Create a Swimming Mermaid Tail with your own Fabric Design!

Posted by Customer Service on

 How to design a Swimming Mermaid Tail, from fabric design to sewing it up!

My daughter recently celebrated a birthday and asked for one thing - a Mermaid Tail that she could swim with in the pool.  And she has loved it, LOVED IT!  Pools are tough on stretchy fabrics though and standing on the pool bottom proves tough on even the best cared-for tail.  Pool bottoms are painted to be rough to keep you from slipping, so just standing on the floor rubs up the fabric of the tail.  So, the original is awesome but we wanted to sew up our own from start to finish and have our backup tail ready(for half the price).  Let's see what we'll do.

  1. Get the mono-fin
  2. Design, upload fabric design to, and order 1 yard (for a child)
  3. Measure fin and mermaid
  4. Cut (your own designed fabric!) according to measurements, two identical pieces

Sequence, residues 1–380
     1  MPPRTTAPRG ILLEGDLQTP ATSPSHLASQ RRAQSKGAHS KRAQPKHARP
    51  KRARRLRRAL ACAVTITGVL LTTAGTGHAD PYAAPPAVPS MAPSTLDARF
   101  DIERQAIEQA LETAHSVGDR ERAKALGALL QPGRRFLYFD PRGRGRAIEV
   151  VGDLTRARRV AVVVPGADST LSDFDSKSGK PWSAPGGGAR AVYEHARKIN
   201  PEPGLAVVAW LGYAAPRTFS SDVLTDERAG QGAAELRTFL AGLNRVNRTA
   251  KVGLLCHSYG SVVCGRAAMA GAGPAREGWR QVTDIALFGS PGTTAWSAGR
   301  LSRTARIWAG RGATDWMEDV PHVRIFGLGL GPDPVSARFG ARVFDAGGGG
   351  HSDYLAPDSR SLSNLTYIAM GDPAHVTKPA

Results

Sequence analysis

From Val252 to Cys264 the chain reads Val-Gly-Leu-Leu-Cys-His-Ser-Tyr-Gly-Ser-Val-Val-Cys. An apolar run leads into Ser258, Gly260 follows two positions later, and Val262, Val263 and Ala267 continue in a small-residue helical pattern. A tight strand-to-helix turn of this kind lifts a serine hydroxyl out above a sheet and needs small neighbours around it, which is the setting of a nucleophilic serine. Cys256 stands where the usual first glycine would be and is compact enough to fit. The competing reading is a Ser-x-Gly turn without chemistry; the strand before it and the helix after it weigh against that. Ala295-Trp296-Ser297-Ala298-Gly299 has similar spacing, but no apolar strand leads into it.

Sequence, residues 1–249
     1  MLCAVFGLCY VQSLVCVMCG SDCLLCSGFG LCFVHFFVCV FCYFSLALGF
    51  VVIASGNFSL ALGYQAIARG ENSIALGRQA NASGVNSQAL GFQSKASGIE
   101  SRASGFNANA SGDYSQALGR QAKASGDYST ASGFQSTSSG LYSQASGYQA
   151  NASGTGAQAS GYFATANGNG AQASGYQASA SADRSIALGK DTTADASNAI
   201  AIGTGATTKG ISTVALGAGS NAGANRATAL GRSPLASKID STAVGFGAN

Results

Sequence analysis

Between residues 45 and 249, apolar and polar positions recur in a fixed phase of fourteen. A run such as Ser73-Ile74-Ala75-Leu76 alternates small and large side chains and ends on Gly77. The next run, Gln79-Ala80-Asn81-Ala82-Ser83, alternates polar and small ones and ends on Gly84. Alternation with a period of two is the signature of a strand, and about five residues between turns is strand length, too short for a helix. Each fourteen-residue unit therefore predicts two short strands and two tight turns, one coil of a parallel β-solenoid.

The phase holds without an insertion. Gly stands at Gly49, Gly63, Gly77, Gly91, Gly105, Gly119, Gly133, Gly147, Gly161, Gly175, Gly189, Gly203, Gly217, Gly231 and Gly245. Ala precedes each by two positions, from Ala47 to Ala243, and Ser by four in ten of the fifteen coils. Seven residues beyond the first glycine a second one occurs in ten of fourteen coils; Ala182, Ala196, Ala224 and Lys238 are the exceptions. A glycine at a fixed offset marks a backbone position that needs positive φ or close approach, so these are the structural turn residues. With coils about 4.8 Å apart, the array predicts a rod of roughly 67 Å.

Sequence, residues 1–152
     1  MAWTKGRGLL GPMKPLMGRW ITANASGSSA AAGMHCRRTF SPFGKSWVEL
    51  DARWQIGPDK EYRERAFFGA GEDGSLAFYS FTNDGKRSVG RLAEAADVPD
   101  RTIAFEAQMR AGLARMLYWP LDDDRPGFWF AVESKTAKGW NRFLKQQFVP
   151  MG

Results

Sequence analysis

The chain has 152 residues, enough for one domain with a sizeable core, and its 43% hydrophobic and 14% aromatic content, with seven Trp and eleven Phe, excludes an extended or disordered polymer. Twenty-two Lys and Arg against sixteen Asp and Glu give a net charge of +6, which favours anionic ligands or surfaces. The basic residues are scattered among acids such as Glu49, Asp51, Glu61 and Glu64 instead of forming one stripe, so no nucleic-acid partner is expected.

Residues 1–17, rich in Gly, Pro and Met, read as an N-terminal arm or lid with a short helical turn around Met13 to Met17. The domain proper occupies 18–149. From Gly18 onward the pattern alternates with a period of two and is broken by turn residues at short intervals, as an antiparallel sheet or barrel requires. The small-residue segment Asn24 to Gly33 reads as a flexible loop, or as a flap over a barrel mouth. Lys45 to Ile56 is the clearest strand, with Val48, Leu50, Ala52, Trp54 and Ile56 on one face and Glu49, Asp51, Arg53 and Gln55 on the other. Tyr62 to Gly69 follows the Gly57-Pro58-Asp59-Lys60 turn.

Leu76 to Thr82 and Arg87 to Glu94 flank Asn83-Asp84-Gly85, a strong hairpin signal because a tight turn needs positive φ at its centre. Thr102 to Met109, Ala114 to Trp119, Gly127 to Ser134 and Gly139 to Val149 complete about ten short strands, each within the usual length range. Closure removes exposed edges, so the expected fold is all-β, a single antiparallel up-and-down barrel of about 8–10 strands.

5. Put fabric right-side to right-side and sew with serger machine or use the elastic stitch on regular machine. Polyester threads since tail will be wet often.
  6. Insert the Mono-fin so your Mermaid can try it on!
  7. Sew in elastic for waistband
  8. Ta da!  Go swim, always with adult supervision

Difficulty:  Easy plus.  Let's leave it at that for now and explain the plus at the end...

Step 1: You need a mono-fin.  Just like swim fins but the feet are together, as you would imagine for a mermaid.  Check them out at Swim, click here.  This fin slips inside our Mermaid Tail and provides the mermaid kick for the wearer, and quite the workout too! Monofin needed to swim like a mermaid

Step 2:  Design fabric!  Spoonflower is an amazing company that lets you design your own fabric by uploading your design and then printing on the type of fabric you choose. You can also choose from gazillions of other patterns from other Spoonflower artists.  For this project we will be using their Sport Lycra Fabric which is stretchy like a bathing suit material. And at 56" wide, 1 yard will be enough fabric.  It cost us $28 plus $6 shipping, we received a discount for creating our own design.  We designed a rainbow scales pattern colored with pastels.  To check color, we did order a swatch.  Shown right is our drawing before upload and our swatch.